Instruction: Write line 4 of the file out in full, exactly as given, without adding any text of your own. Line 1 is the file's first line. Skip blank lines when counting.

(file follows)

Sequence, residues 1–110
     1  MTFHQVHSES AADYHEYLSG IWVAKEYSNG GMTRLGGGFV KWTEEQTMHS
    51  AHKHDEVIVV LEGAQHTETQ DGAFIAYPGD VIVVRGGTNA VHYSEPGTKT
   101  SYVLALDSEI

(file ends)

   101  SYVLALDSEI